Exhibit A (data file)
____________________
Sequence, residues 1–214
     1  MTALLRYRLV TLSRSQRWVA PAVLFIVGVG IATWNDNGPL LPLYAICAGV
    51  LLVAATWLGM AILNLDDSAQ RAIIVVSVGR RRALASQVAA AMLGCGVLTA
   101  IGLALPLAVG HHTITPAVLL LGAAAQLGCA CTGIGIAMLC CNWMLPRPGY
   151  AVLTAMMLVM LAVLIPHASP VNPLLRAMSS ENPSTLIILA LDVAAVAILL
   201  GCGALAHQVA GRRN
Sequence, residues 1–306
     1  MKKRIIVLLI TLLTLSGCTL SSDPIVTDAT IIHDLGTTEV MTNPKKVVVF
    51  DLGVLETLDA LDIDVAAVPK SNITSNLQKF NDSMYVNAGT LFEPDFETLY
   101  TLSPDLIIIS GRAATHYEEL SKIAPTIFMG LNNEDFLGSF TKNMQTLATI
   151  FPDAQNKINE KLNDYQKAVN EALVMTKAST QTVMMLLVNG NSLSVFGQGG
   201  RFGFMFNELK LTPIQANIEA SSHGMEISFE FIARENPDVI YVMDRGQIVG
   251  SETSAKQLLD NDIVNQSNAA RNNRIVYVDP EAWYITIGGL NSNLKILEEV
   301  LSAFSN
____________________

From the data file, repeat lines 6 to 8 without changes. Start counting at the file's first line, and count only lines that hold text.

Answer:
   201  GCGALAHQVA GRRN
Sequence, residues 1–306
     1  MKKRIIVLLI TLLTLSGCTL SSDPIVTDAT IIHDLGTTEV MTNPKKVVVF